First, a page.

• There is no comparison with any other treatment or untreated control. This is important because we do not know the contribution of natural growth to the changes that they report.
  • The differences between the means are relatively low. For example, I would have thought that most functional appliances would have reduced overjet by more than 2.0mm in 12 months.
  • The confidence intervals are relatively wide. This reflects uncertainty in the data and is a result of the low sample sizes.
  • They did not report any information on 13 patients who were initially enrolled. This may have altered the data.

I am not sure when this study started, but the sample size appears low? I am also a little confused about the source of the data. When I first discussed Invisalign MA in my blog, Invisalign responded to my post. In this response, they provided data on 40 participants in their study in 2019. However, they also stated that 17,000 patients had used Invisalign MA. So I am struggling to understand why they only have data on 7 additional patients between 2019 and now?

Final thoughts

Finally, and most importantly. All the authors have a financial interest in Invisalign treatment. Unfortunately, they did not declare this in the paper. This is a major conflict of interest.

Ultimately, I still feel that we need better information on this appliance before we use it on our patients. I am unsure how long we will have to wait for a final study on this intervention to be published in a scientific journal?

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Have your say!

  1. Interesting results. I wonder how little or much effect it had in vertical growth itself as in AFH or MP. How different did it affect in high MP angle and low MP angle de patients.

  2. Research sponsored by Align favorable to Align products. When will orthodontists demand better?

    • It costs $ to do a study and for ANY new product in any industry the only ones who care to do the studies are the companies who are going to profit from that product. What we need to demand is that residents stop sending us questionnaires and then claim they got a master. This is exactly what universities should do. Nobody else has $ or interest. But residents should do real studies such as this to obtain a Master degree.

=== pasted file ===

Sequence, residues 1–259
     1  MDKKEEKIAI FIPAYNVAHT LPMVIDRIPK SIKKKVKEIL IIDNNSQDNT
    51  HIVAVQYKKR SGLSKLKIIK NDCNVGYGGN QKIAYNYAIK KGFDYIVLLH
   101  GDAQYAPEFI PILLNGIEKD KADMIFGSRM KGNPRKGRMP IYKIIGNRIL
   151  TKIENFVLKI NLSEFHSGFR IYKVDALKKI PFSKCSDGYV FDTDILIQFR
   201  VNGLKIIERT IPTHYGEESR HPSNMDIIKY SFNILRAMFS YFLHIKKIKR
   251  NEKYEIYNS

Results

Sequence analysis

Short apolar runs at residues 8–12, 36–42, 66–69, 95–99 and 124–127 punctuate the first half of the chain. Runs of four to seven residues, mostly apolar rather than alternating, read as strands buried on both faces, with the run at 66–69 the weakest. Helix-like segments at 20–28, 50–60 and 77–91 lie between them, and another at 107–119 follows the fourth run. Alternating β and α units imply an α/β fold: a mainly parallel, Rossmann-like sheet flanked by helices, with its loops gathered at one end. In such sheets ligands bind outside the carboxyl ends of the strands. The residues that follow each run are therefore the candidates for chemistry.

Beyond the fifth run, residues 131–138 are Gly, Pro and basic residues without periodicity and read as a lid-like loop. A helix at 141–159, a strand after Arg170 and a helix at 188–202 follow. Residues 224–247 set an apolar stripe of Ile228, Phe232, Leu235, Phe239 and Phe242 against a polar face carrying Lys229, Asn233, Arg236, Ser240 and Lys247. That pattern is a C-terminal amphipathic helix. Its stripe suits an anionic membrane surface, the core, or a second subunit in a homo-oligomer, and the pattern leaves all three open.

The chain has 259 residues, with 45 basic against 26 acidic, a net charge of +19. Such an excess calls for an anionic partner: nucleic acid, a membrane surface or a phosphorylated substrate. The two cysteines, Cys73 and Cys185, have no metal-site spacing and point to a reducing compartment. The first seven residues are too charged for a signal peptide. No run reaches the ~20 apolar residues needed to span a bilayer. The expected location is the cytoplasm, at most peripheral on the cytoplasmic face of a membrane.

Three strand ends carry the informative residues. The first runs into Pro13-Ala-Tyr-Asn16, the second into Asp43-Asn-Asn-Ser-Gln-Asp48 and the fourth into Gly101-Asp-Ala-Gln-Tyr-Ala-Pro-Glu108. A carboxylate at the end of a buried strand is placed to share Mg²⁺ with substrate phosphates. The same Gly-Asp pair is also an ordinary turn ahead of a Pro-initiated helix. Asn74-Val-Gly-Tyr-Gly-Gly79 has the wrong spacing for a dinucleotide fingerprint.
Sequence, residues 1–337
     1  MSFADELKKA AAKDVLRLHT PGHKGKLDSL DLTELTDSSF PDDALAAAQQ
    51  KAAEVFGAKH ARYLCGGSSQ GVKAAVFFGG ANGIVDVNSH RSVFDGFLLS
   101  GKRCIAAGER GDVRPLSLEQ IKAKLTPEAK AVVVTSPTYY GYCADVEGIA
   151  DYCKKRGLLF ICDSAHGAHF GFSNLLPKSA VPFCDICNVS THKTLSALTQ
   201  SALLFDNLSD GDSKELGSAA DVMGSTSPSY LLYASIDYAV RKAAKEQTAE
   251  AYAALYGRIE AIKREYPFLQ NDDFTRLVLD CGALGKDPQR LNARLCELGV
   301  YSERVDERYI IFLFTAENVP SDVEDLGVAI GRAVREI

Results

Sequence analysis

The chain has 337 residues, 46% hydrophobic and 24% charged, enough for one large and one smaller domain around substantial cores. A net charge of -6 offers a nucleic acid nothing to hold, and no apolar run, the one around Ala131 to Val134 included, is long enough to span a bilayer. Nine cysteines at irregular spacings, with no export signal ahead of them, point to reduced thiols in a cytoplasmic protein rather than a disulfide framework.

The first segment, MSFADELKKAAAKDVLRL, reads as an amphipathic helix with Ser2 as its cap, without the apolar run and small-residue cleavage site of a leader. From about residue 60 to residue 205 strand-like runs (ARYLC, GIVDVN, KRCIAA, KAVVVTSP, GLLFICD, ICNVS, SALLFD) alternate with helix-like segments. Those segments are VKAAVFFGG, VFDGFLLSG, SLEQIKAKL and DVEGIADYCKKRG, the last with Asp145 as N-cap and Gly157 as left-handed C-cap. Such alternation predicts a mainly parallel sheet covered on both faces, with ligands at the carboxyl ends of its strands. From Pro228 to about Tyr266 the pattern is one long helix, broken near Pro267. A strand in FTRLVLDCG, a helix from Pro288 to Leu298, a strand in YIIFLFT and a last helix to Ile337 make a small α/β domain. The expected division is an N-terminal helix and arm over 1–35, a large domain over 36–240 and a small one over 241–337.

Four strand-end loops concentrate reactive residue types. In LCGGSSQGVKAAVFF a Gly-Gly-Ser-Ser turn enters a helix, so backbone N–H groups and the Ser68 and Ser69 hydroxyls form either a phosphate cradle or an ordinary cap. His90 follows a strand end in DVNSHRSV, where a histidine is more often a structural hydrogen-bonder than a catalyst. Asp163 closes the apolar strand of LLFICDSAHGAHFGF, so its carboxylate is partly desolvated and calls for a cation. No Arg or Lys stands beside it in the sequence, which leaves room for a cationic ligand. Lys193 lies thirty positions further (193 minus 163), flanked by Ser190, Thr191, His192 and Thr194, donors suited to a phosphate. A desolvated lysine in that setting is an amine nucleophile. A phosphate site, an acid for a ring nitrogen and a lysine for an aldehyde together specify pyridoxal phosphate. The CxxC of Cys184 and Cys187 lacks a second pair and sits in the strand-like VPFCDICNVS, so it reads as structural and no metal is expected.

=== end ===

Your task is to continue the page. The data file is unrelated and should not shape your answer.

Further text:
3. An initial overjet of 6mm? I don’t think I would have bothered using either invisalign MA or a functional appliance for that! Interesting paper though.

  4. Cephalometric parameters (such as CoGn) exist in the minds of our orthodontic colleagues that use them; they don’t necessarily exist in real 3D space since the medio-lateral dimension has been arbitrarily reduced to zero thru superimposition.
    Moyers RE, Bookstein FL. The inappropriateness of conventional cephalometrics. Am J Orthod. 1979

  5. How much greater are these changes than what we would expect from normal growth at that age?

  6. agree about the 6mm OJ being a bit small. I think we need to catch ourselves on sometimes. In the desperation to do more braces more and more minor stuff gets done, it almost seems that there is no such thing as a minor malocclusion anymore. I’m sure we all get hundreds of referrals from worried dentists (not to mention patients) who see every small deviation from some arbitary normal as a case for braces (and they’re all doing invisalign remember, so if I won’t do it they will). The brace has become a desirable thing to wear as well, rather like someone wanting a cast on their leg without having a broken bone. Consequently long treatment times are ok since more braces must be better, even for one or two mms overjet change.